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I have been searching out for in depth knowledge of OSI layer model. I want to know that what information does a Application, Presentation and session layer header contains. Moreover where do these layer exists? the protocols which work at top three layers are present inside OS or they are just built-in inside that specific application which the user is using.

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    – Ron Trunk
    Jun 15 '20 at 11:57
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    Dec 17 '20 at 18:46
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Moreover where do these layer exists?

Nowhere. There's no current operating system that is compliant with the OSI model. All existing computers and networking enabled devices use the TCP/IP model.

Although in literature (including this site), we use a mix of the two models, keeping the layer 1/2/3 from the OSI model, and layer 4/5 from the TCP/IP model. To be really consistent we should refer as IPv4 or IPv6 as layer 2 protocols and TCP, UDP, etc.. as layer 3, but there's really old habit about this and its not gonna change.

So the answer to:

I want to know that what information does a Application, Presentation and session layer header contains

is: nothing, since they don't actually exist.

Even with the TCP/IP model, keep in mind that it is just a model, i.e. a guideline on how to build a networking stack, and real implementation sometimes have to make compromises with the model.

What is really used are:

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The physical layer (L1) and the data link layer (L2) are usually implemented in hardware: switches, WAPs, NICs. L1 is the only layer actually moving data and L2 controls its flow inside a local network.

IEEE explicitly state that their 802 family of protocols uses a layering model derived from the OSI model, emphasizing the lower two layers (see IEEE 802: Overview and Architecture).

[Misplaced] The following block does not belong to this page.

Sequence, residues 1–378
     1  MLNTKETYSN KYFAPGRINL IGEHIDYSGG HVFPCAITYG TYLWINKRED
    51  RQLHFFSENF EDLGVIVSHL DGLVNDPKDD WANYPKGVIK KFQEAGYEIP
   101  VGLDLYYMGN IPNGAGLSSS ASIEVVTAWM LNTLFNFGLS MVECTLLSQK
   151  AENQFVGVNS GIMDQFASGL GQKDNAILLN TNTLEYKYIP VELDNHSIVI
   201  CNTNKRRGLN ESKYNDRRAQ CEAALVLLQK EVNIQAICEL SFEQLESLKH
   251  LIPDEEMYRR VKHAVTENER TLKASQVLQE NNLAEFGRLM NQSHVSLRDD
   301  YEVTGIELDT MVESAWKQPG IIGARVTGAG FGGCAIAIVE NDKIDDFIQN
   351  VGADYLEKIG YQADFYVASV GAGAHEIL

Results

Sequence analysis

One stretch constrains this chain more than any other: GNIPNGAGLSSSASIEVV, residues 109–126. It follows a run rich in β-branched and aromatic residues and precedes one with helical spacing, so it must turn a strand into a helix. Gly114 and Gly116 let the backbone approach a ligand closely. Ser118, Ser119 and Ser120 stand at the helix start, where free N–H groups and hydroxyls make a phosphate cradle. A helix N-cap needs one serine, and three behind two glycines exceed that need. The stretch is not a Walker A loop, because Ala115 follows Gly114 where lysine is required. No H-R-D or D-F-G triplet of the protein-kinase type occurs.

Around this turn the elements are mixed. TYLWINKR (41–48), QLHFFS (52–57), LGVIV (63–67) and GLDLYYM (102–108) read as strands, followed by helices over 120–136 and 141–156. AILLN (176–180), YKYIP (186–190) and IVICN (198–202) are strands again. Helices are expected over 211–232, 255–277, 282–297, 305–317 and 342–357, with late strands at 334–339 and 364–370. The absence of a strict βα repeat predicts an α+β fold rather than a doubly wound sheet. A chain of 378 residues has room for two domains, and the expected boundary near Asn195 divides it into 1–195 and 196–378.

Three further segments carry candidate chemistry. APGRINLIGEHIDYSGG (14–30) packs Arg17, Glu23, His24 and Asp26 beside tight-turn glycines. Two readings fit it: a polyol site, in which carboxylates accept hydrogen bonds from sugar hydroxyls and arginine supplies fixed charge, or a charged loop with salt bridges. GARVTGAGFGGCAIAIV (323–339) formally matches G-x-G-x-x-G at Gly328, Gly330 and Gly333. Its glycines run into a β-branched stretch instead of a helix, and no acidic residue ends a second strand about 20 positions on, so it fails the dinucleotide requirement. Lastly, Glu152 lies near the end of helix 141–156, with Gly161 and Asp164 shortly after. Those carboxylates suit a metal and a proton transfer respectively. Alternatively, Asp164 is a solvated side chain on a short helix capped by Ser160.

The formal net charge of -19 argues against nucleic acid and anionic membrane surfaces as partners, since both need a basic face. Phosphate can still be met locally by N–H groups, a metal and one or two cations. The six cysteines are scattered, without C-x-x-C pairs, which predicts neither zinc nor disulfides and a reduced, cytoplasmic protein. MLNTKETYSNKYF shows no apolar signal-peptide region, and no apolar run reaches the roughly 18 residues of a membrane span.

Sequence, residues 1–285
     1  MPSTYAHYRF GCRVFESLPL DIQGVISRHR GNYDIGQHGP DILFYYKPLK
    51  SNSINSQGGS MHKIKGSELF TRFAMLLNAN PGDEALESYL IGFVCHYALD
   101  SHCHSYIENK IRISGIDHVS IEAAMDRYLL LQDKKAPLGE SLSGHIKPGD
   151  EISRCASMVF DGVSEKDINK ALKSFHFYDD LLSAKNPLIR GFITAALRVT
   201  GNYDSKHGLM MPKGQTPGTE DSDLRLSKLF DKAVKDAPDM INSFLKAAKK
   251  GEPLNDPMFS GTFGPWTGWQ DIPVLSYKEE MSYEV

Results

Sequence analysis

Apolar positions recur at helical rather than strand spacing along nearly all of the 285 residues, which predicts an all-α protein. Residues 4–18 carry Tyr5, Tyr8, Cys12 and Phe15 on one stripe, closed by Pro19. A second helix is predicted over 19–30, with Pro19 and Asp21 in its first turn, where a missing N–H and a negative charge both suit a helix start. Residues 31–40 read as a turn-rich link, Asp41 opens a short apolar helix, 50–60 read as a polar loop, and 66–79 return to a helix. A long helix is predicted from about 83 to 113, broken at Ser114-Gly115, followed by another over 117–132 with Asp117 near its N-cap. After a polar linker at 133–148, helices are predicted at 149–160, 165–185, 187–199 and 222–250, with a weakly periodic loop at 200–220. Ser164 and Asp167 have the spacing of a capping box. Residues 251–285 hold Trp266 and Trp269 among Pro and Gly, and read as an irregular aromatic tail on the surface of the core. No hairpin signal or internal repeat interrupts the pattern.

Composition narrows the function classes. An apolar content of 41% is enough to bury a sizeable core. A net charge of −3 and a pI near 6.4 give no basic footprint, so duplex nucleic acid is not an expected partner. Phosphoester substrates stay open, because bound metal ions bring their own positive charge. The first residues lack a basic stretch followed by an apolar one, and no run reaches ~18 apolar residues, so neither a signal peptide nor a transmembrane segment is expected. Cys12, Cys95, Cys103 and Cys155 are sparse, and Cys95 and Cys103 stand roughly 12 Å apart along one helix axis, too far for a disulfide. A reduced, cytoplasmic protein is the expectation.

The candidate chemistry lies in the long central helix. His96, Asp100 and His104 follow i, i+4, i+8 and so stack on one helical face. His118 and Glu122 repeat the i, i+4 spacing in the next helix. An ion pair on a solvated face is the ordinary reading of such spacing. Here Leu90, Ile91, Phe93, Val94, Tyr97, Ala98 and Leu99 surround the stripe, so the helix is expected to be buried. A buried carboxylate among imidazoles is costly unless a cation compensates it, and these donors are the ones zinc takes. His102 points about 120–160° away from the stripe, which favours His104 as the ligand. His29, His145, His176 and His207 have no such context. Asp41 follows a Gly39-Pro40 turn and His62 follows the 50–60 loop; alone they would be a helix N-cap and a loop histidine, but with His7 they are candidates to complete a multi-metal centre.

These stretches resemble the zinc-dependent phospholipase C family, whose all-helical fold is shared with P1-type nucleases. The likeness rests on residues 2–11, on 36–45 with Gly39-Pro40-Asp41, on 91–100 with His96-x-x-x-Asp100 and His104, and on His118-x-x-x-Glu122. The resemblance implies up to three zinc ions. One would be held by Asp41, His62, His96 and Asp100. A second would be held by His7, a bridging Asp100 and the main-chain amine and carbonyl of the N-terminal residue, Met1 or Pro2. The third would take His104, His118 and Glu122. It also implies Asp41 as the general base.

The network layer (L3) and the transport layer (L4) are usually implemented in an operating system's "network stack" - most prominently IPv4, IPv6, and TCP, UDP. L3 takes care of global routing and L4 provides transport for actual data for an application.

The application layer (L7) sits inside an application. An email client speaks SMTP and IMAP, a browser speaks HTTP/S. Various base protocols like DNS are commonly implemented by the operating system but that varies.

The session layer (L5) and the presentation layer (L6) aren't usually implemented separately but - if implemented at all - also sit inside the application.

Most protocols in each layer use prepended headers to organize their work but those headers can vary massively, so there's no general format.

Each layer has a specific task, and all together they form a modular "stack" with an extreme range of functionality and adaptability. After all, that modularity has enabled TCP/IP to become the most popular and powerful set of protocols on the planet.

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  • True except for limiting layer 2 to "hardware". Bridges can be very complicated, much like routers. There aren't any that don't involve a good bit of software! Repeaters are hardware, L1. Have you ever looked at the STP specs? (IEEE 802.1D) Yeesh. It works so well most of the time we forget about it but no WAY that lives in hardware! Dec 18 '20 at 3:19
  • L2 is usually implemented in hardware. The basic (self-learning) bridge functions are in hardware (e.g. in a simple, unmanaged switch), but there are loads of additional functions that require software, that's true. However, there's a slow but constant migration of (complex) software functions to hardware (offloading), e.g. from software routing to layer-3 switching.
    – Zac67
    Dec 18 '20 at 9:19
  • Even much of the "hardware" is "software" at some level. I've written that kind of code. The hardware/software divider is really a red herring. On the hardware I'm currently coding, ARP entries get created in hardware without CPU intervention, but that doesn't mean ARP is in hardware. Dec 18 '20 at 17:52
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    True - in a given, complex scenario you might not be able to draw a sharp line. But I was generalizing.
    – Zac67
    Dec 18 '20 at 17:59

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